Oscar Wilde famously said of The Old Curiosity Shop: 'One would have to have a heart of stone to read the death of Little Nell without dissolving into tears ... of laughter'. The same might be said of The Flying Dutchman where, in one of the silliest endings in a genre known for its silly endings, starry-eyed heroine Senta leaps into the sea to redeem the captain of a ghost ship. The 'Dutchman', sharing his name with his ship, has been cursed by the devil to roam the seas for all eternity – unless, that is, he can find a woman to marry him and save his soul. Unlike Heinrich Heine's short story, from which he borrowed the bones of the plot, Wagner's operatic version treats the subject in dead earnest. But, because he hadn't yet developed the musical vocabulary to bring off the idea of redemption through love, the result is the sort of popular romantic ghost story that Heine was mocking in the first place. This unintentional failure of high artistic ambition is – just as Wilde observed in Dickens's contemporaneous story – the perfect recipe for camp. The problem with the new ENO production, however, is that it can't make up its mind whether it's camping it up with Heine, or brooding introspectively with Wagner.
A less than perfect production is easily forgiven as long as the music is done well. But there were problems here too. Some of these can be put down to first-night collywobbles: the tendency for singer and orchestra to drift apart and some shoddy playing in the orchestra. (To be fair, the horns, as ever at ENO, were on fire, and there was some truly beautiful cor anglais playing.) But others are more deep-seated. While the moments of high dramatic tension and the big choral climaxes – the ghostly crew of the Dutchman terrifying the partying villagers, for instance – were as thrilling as they ought to be, much of the rest lacked any real forward momentum. Perhaps conductor Edward Gardiner was trying to be generous to his singers, but in this early Paris version, which runs for two hours without an interval, he can't afford to let it drag.
Of the soloists, the only disappointment was soprano Orla Boylan as Senta. She can certainly belt it out over the top of Wagner's brassy orchestra and was good at the passionate moments in each of her duets. However, in the intimate 'Senta's Ballad' where she relates the legend of the Flying Dutchman, and around which the whole opera turns, she wasn't able to draw the audience into her inner world by establishing an emotional connection.
James Creswell's stentorian bass added to his already formidable stage presence to make a Dutchman that you could believe would turn a teenage girl's head. Although, you did feel that this Senta would have said 'yes' to George Osborne if he'd turned up in a mackintosh.
Surprisingly, the star of the show was Stuart Skelton as Erik. I say surprising because the boring tenor who's been dumped by the leading lady for a more charismatic bass – think Don Ottavio in Don Giovanni or Don José in Carmen – can often get a bit whiney. This is especially true in Holländer: Erik's music is all quaint turns and neat diatonic melodies, in contrast to the chromaticism and rhythmic irregularity that gives the Dutchman and Senta their psychological depth. Not only did Skelton manage to shape this less interesting material into a convincing melodic line, he also managed to elicit the sort of sympathy that Boylan couldn't.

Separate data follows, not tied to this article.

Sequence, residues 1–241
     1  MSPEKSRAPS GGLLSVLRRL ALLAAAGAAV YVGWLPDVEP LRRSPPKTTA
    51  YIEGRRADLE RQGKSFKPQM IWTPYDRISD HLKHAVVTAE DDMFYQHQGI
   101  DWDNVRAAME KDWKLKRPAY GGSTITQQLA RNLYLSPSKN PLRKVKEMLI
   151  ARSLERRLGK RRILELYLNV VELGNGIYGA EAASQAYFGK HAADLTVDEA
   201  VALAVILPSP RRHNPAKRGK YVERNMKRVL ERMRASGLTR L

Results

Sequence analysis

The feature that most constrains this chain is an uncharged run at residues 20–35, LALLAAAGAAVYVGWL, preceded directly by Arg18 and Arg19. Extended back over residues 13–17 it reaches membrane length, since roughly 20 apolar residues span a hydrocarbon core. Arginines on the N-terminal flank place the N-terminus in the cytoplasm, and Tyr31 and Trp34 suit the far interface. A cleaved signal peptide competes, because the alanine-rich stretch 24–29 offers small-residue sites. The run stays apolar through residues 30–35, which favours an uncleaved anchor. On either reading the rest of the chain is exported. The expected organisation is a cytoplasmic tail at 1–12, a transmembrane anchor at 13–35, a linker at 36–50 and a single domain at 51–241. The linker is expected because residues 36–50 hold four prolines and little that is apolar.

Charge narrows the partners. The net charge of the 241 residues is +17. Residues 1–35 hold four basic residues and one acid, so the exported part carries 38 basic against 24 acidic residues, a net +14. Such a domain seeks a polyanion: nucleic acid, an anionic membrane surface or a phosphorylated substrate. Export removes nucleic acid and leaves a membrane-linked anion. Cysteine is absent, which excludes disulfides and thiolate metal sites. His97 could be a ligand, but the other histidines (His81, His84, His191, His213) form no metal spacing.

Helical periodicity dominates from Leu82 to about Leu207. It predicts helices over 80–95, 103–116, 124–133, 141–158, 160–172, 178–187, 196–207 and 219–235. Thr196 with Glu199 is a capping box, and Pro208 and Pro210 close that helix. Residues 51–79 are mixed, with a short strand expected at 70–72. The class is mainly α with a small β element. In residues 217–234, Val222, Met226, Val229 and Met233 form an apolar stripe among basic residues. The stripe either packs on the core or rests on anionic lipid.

The production certainly had its moments, like the lighting during the overture. To illustrate her dreamy nature, we saw a younger Senta being tucked up in bed at home. Her imagination then transported her to the middle of the ocean where lighting designer Mark Henderson surrounded her by turbulent three-dimensional waves. But this sublimity was squandered when the Dutchman's figure came zooming over the ocean, finally to tower over her. Accompanied by Wagner's stormy orchestral effects – over-used in many a children's adventure film – the outcome was, shall we say, Disneyesque.
The attempt to colour-code Wagner's two types of music miscarried similarly. The demonic, internal, psychological half of the score was given blacks, reds and subdued lighting. Whereas the sea-shanty banality of the ordinary village folk was translated into everyday clothes for their grinding, repetitive labour in the factory, and then gaudy fancy-dress costumes when they were out on the town. It was a good idea, but somehow it didn't work in practice. Perhaps it's just too difficult to concentrate on a the struggle for a young woman's soul when your eye keeps being drawn to a giant bright-yellow inflatable palm tree.
And what about Senta's salto mortale? Well, director Jonathan Kent managed to avoid even the hint of a suppressed giggle by having her smash a beer bottle and then glass herself instead. There was probably a good symbolic reason for this – romantic escapism bottled as a fungible commodity seems to have been the dominant idea behind the staging – but it wasn't believable. OK, it's going to hurt, but it's going to take weeks to die of an injury as superficial as that. Camp might be unconvincing, but at least it's entertaining. This was just unconvincing.
For all that, this wasn't a bad night out – just not in the same league as ENO's recent best. There are plenty of outstanding individual turns – the lighting, some of the orchestral soloists, and Creswell and Skelton on stage. But in the end, the sublime and ridiculous components didn't come together in the right way to make a coherent or satisfying whole.
By Marc Brooks
Photo: Robert Workman